“Sure it is,” I said, and by now I was bitter. “Why don’t you blame God instead of me? I didn’t cause the famine.” I believe in God, but I know better than to expect miracles.

“Because Leonardi still wants to be saved, the big baby,” Beppo said. “He’s expecting bright light from above and hands coming out of Heaven and such. Well, it’s not going to happen, Leonardi. If there were a Heaven, we’d be there by now, right? There is no God. We are what we are. And right now, we’re like a…a trinity, only of us! We better get used to it.”

“Blasphemy! I want my legs!” cried Leonardi. “I want my whole body!”

I did not find Beppo’s philosophical argument reasonable—we weren’t one big blob, were we?—but Leonardi’s plan to grab out body parts seemed ridiculous as well. There just wasn’t room. My thought was more practical: we were dead, after all, and the sooner we could all learn to live together, the sooner we could prepare ourselves to confront whatever happened next. We just needed to convince Leonardi.

“Uh, Leonardi?” I said, “Your way isn’t going to work. How do you know which hand is yours? And all those internal organs. I can’t even tell them apart.”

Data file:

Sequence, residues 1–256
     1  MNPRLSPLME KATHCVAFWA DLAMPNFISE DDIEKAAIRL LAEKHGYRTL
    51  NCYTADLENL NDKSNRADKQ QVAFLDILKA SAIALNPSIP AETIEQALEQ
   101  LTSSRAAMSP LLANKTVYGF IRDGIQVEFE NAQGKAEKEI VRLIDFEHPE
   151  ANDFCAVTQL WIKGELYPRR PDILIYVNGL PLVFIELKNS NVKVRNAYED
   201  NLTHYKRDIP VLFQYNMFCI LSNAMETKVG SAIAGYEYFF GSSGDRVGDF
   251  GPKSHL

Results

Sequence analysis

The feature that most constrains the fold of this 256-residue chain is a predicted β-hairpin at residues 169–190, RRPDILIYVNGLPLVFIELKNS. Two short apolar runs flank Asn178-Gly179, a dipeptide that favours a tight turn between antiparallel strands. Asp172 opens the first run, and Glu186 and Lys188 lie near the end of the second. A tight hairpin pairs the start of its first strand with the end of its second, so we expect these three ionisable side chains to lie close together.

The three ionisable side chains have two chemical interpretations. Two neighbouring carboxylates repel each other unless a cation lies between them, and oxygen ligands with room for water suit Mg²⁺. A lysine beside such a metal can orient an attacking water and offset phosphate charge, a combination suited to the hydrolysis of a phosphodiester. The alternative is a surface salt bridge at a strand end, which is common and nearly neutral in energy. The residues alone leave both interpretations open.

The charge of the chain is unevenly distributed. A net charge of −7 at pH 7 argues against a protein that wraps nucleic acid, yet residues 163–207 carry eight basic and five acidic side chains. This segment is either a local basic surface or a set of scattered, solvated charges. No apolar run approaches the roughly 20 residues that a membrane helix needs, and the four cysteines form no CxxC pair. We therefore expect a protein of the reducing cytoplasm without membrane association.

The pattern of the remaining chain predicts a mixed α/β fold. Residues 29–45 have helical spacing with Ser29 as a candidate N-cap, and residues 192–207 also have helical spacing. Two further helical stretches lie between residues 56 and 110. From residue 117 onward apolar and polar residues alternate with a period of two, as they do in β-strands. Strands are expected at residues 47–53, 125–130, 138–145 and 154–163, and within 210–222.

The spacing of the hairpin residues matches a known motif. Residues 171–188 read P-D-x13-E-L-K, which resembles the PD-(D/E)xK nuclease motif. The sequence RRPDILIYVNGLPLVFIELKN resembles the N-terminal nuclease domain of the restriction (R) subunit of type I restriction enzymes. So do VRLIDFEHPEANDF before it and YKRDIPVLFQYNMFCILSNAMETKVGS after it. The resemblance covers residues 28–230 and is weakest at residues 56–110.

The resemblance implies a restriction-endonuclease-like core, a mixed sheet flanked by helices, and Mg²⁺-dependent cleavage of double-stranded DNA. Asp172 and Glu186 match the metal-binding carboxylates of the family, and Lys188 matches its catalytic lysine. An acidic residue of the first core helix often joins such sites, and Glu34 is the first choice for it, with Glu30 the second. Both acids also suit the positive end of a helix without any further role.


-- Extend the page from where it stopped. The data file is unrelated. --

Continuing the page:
“I can tell,” he said, and the water started agitating as he moved his hands around.

“Let him go,” said Beppo. “He’s just stuck up and foolish, and as soon as he realizes that, we’ll all work together more smoothly.” He was silent a bit, and then added, “But what an idiot! I wish he didn’t have to be part of us.”

But instead of leaving him alone, I looked with an eye or two and I saw that Leonardi was grabbing things and pulling them to one corner of the vat that he had evidently decided was his. He had his arm with its stump of a wrist tied with blood vessels to a hand he decided to favor, and with this he was reaching deeper and deeper down into the flotsam that used to be us. And he was reaching for the good heart!

“Stop that!” I said to him, and I mimicked him, but with less time to organize, grabbing the nearest hand I could find and tying it with the closest thing (hair—it was certainly Beppo’s) to a long thing that turned out to be a leg, who knew whose. “That’s my heart!”

“It is not!” said Leonardi. “I saw it first! And anyway, what if it is? We’re going to see God soon, and I’ll need a pure heart to see Jesus and Mary and all of the saints. We’re separate souls. We can’t all get in. It’s too bad, you know, but it’s true. My mom told me.”

I doubted this. He was just citing the highest authority he knew.

“You won’t get into Heaven!” I said. “You’re too greedy, and you’re a thief for stealing my heart. Give it to me!”

“You’re guilty of murder, Antonio,” said Leonardi coldly. “I lived a good life. I’m just fighting for what I deserve.”

“Hah!” I said. “If I’m guilty of murder, then we’re all guilty. When we got mixed together, the guilt got mixed up too. You’re doomed.”

“No!” said Leonardi. “God will know the true me.”

“Then he’ll know that I’m not to blame for our murder.”

“Shut up! Both of you!” said Beppo.